There are many things some theists don’t like about science — evolution, the Big Bang, stem cells, for a few — but they really hate current research in human cognition. Cognitive science threatens to do for the soul what Darwin did for the six-day creation.
The idea of a human soul is greatly dependent on the notion that the mind is something different from the brain. This separation of substance and structure, denied by Hobbes and championed by Descartes, is the basis of belief in the existence of a soul.
If mind and brain are made of the same, perishable stuff, what is the soul? The physical separation of mind and body is a necessary condition for a plausible assertion of the existence of a non-physical soul, a form of consciousness that is neither material nor mortal.
Descartes and others were not willing to accept the idea that, in Gilbert Ryle’s words, “human nature differs only in degree of complexity from clockwork.”
Steven Pinker summarizes the challenges posed for theists by the potential loss of dualism:
It can indeed be upsetting to think of ourselves as glorified gears and springs. … a human being has higher purposes, such as love, worship, good works, and the creation of knowledge and beauty. The behavior of machines is determined by the ineluctable laws of physics and chemistry; the behavior of people is freely chosen. … And of course if the mind is separate from the body, it can continue to exist when the body breaks down, and our thoughts and pleasures will not someday be snuffed out forever.
Free will, morality, salvation — these are high stakes! Or are they?
There is a crucial assumption in all this: that mind-body dualism is somehow necessary to human identity. In simple terms, the theist believes that human identity and a satisfying life are impossible for a “merely” natural organism.
It’s easy to see how theists come to these conclusions. They believe in a God who is outside material existence. We are, they believe, made “in His image.” Therefore, some part of us, too, is immaterial. This evanescent “stuff” is called “the soul.” It’s the part that endures after physical death. It’s the place, they believe, where God puts all the good bits — faith, love, generosity, creativity, and all the rest.
What evidence do theists offer as support for their claims? None at all. Since God and the soul are immaterial, they are beyond physical proof or human understanding. It all depends on faith. It’s the religious version of buying an expensive car — if you have to ask what the proof is, you don’t get it.
This kind of sleight-of-mind wordplay has always been suspect, of course, but now, in the light of current scientific research, there’s a better explanation available, one that doesn’t require the invention of a separate, unseen world.
In times long past, when there was no reasonable alternative, when “science” relied on explanations almost as speculative and fanciful as the creation of a spiritual realm, it was at least understandable, if not sensible, that most people accepted the “revealed” assertions of authority figures armed with magic texts.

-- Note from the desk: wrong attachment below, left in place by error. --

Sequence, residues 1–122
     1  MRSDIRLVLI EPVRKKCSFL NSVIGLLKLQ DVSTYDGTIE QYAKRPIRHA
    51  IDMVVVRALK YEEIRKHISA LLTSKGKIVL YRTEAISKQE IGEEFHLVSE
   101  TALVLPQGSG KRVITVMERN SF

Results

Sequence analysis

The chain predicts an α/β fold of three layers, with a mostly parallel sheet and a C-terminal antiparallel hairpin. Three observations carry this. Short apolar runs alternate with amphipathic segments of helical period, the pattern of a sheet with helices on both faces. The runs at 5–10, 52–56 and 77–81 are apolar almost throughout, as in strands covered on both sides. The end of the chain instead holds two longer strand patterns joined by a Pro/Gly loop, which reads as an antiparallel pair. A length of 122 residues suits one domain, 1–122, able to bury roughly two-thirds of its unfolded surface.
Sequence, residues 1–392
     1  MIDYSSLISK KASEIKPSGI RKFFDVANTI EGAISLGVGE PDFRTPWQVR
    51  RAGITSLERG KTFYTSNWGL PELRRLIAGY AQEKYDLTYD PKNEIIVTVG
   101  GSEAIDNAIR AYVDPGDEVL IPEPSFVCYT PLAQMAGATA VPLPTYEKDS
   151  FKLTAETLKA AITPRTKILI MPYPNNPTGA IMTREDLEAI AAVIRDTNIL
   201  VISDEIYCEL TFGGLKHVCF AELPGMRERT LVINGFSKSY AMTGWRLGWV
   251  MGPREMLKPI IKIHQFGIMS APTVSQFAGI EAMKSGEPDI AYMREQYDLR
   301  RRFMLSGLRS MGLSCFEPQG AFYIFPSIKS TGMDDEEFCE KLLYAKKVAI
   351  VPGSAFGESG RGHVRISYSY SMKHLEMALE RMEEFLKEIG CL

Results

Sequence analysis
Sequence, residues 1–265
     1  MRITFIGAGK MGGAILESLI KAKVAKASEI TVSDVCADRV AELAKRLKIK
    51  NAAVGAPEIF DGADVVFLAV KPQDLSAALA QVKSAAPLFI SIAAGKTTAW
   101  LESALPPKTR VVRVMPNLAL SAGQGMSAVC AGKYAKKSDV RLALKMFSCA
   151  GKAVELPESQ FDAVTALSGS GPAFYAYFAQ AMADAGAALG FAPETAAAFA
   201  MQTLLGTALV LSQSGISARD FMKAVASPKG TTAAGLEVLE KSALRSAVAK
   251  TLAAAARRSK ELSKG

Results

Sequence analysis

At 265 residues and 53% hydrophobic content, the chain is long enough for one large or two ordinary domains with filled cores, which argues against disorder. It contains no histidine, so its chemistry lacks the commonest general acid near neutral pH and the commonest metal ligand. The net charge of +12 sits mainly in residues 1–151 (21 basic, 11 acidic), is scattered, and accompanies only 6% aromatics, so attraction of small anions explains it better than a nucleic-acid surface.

No longer. Cognitive research is now making it clearer and clearer that we live entirely within material brains, which operate according to “the ineluctable laws of physics and chemistry” to produce “love, worship, good works, and the creation of knowledge and beauty” — and all without reference to Ryle’s “Ghost in the Machine.”
Cognitive science is a much more formidable threat to dualism than were earlier, conceptual analyses like positivism. Positivism was a philosophical theory — an abstraction, an epistemological notion, a way of saying, a construct. Cognitive research today is producing results which support scientific theories — an entirely different animal, with an experimental basis in the physical world. It’s much easier to play language games with a concept than it is to deflect a set of results. One can’t just wave away empirical data, at least not with any credibility.
The dualist argument is that “free will” and the human moral sense somehow will no longer exist if we understand their mechanics — the “magic” will be gone. So the dualist prefers not to understand, prefers to keep Toto away from the curtain.
Are the key elements of human identity really that fragile? Or are dualists like the architect in Swift’s Grand Academy of Lagado, who has devised a method of building houses from the roof down?
Cognitive science is an interdisciplinary field — combining complementary research in many areas, including psychology, neuroscience, linguistics, philosophy of mind, computer science, anthropology, sociology, and biology to pull back the magic curtain.
Various computational, representational, and mechanical models adequately — often comprehensively — explain human thought, emotions, and actions. And none of the discoveries of the new research denigrates human achievement or personal worth, for the simple reason that even were all of our ideas, feelings, and behaviours explained by purely physical processes, those explanations would change nothing.
A clock that tells time thanks to gears and wheels does, in fact, tell time — it remains in all meaningful ways a clock, even though we understand how it works. A moth that flies in circles around a flame because it has an instinctive navigational system based on the light of the moon is no less like a moth because we understand why it behaves as it does. Knowing how and why is no more damaging to identity than is knowing what.
A person who smiles with delighted recognition on hearing the opening notes of Tchaikovsky’s Piano Concerto #1 feels exactly the same pleasure whether or not we can understand and can explain — quite a different thing than explain away –all of the physical mechanisms of mind and body that lead to the recognition, the smile, and the pleasure.
You need a material brain to love Tchaikovsky. But you don’t need an immaterial soul.